It has been over 16 months since Stanford swimmer Brock Turner sexually assaulted an unconscious, intoxicated woman on campus, but the public is only now seeing his booking photos.
Turner, 20, was found guilty of three felonies in March in connection with the January 2015 sexual assault, and was sentenced to six months in county jail and three years probation last week.
The Santa Clara County Sheriff’s office released Turner’s sentencing photo on Monday, and Stanford University Department of Public Safety shared his original arrest picture from Jan. 18, 2015 – after much back-and-forth with the media.
Both authorities initially contended that the other entity was responsible for releasing the photos, despite California’s law classifying booking images as public records, according to NBC News. Turner was arrested by the Stanford authorities, but the case was handled by Santa Clara County authorities.
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Much of the credit for the eventual release of the booking photos has gone to freelance journalist Diana Prichard, who noted on Facebook that she and many other journalists had reached out repeatedly to Stanford and Santa Clara County. She wrote that Santa Clara County had initially defended its decision not to release the mugshot under a statute meant to protect investigations, but that she had shown that a mugshot is not an investigatory document.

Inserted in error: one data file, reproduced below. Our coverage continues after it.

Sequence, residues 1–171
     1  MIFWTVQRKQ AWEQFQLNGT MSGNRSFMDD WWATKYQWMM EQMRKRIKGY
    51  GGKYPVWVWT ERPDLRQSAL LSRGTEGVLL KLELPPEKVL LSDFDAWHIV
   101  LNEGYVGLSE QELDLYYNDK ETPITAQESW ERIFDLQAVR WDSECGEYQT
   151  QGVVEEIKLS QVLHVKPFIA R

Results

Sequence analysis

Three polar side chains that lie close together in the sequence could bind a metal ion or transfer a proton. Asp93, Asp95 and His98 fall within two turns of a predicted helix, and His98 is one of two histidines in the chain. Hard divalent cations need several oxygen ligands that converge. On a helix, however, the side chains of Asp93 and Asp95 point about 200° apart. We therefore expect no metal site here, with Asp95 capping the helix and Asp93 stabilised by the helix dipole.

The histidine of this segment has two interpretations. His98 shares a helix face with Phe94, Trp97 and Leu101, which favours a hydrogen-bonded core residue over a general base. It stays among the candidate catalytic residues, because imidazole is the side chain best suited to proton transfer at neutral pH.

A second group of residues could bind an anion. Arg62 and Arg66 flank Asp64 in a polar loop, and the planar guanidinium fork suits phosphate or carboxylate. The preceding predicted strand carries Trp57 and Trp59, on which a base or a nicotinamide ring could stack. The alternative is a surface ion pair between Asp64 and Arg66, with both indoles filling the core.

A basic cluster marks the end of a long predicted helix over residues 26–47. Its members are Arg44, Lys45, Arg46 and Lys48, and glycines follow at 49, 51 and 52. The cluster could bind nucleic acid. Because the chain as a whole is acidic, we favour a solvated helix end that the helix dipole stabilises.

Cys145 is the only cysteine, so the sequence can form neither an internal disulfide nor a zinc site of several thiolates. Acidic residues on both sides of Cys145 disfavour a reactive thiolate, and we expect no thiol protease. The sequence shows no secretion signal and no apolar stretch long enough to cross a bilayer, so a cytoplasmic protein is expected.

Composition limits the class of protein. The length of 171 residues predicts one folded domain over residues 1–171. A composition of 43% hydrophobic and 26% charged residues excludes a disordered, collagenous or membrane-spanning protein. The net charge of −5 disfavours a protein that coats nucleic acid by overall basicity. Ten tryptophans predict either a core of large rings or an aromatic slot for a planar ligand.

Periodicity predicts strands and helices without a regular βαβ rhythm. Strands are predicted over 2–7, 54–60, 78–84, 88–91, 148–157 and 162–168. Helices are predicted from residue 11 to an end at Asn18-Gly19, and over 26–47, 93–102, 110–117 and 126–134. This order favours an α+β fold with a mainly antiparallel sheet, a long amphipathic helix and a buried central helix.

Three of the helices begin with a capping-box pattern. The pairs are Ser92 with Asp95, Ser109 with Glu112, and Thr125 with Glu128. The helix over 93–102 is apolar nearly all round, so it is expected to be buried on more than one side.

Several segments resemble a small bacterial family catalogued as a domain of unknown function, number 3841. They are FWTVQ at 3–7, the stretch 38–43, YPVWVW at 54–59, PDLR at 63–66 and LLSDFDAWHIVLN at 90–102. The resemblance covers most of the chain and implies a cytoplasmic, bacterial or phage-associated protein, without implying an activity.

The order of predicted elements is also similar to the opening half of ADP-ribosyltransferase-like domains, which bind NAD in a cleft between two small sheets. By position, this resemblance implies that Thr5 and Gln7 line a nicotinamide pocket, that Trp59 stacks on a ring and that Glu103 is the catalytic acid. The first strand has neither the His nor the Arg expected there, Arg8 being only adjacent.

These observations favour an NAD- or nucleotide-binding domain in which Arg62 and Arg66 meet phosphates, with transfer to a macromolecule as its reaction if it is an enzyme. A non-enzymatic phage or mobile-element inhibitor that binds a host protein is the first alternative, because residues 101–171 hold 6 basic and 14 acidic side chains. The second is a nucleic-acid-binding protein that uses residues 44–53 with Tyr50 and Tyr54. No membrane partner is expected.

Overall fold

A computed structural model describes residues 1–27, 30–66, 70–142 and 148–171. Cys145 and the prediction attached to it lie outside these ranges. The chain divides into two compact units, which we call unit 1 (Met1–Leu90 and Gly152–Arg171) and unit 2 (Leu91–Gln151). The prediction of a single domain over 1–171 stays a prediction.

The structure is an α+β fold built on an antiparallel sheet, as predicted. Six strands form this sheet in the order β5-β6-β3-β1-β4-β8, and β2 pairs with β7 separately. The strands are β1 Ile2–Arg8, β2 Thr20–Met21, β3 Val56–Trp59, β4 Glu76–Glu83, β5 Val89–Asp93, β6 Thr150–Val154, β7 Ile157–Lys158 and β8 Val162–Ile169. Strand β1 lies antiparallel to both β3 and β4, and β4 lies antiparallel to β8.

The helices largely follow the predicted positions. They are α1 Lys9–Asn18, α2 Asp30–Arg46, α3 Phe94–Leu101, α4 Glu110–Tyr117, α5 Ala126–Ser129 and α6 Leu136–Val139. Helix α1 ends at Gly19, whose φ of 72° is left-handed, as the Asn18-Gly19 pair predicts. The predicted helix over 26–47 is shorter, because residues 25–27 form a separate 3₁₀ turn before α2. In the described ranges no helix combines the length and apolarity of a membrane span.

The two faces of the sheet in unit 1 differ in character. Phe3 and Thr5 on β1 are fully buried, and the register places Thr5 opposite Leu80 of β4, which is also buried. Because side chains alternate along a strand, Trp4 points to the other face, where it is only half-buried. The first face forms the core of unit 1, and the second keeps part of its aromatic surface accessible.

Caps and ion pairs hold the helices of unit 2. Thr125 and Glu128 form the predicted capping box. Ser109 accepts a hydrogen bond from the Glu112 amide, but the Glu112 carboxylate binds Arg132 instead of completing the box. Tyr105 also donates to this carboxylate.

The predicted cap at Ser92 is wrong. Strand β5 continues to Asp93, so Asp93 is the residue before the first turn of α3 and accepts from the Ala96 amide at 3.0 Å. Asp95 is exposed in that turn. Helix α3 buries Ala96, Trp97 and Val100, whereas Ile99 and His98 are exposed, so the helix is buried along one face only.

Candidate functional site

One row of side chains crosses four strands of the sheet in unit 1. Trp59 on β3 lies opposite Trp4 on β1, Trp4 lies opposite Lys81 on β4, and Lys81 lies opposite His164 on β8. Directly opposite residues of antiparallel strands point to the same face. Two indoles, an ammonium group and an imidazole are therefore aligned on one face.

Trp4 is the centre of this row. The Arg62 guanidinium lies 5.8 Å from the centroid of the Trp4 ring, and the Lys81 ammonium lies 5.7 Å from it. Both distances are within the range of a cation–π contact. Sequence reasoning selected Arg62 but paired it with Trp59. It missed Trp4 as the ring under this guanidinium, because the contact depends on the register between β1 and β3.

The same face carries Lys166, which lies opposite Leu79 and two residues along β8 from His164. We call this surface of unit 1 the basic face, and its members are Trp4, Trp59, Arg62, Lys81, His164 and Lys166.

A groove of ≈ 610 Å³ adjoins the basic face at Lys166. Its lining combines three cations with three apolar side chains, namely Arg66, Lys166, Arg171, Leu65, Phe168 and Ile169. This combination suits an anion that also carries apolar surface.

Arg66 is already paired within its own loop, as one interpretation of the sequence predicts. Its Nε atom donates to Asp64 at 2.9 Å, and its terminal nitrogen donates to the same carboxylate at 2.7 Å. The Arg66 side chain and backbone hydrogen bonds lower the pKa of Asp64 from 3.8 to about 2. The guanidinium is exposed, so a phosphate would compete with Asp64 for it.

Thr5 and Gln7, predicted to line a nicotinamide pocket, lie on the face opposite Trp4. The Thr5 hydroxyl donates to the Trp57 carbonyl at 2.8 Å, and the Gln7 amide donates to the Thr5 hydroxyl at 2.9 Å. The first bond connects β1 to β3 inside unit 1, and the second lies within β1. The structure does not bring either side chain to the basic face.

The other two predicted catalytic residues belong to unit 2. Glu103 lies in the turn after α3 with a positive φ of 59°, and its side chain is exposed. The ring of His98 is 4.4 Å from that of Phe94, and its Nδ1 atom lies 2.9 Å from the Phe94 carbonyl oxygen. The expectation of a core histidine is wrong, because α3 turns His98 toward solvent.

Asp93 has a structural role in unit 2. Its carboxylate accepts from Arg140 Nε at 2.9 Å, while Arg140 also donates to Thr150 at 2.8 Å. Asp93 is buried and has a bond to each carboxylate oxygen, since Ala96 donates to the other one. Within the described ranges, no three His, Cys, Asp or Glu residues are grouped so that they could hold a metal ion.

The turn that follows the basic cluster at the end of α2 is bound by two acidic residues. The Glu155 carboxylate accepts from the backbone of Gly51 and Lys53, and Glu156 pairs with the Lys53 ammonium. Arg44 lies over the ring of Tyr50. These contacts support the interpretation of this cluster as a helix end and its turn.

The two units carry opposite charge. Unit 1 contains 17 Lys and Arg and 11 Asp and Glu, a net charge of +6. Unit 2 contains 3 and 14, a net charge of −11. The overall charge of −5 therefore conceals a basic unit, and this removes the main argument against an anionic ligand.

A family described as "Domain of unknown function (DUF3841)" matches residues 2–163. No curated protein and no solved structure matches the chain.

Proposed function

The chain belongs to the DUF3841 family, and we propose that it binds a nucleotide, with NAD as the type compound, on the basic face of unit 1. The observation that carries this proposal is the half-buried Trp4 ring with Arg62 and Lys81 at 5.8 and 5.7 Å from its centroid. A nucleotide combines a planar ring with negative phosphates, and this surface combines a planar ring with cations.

Judge Aaron Persky’s sentencing of Turner to six months in jail has spawned severe criticism: Prosecutors had asked Turner be sentenced to six years in prison, but Persky said a longer sentence would have a “severe impact on him,” reported CNN.
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In addition, a letter to the judge written by Turner’s father, Dan Turner, ahead of sentencing, has drawn backlash.
“These verdicts have broken and shattered him and our family in so many ways,” Dan Turner wrote, asking the judge to forego a prison sentence in favor of probation. “His life will never be the one he dreamed about and worked so hard to achieve. This is a steep price to pay for 20 minutes of action out of his 20 plus years of life.”
Turner’s victim told Buzzfeed she is unhappy with the “gentle” sentence, but still hopes it will “wake people up.”
“I want the judge to know that he ignited a tiny fire. If anything, this is a reason for all of us to speak louder.”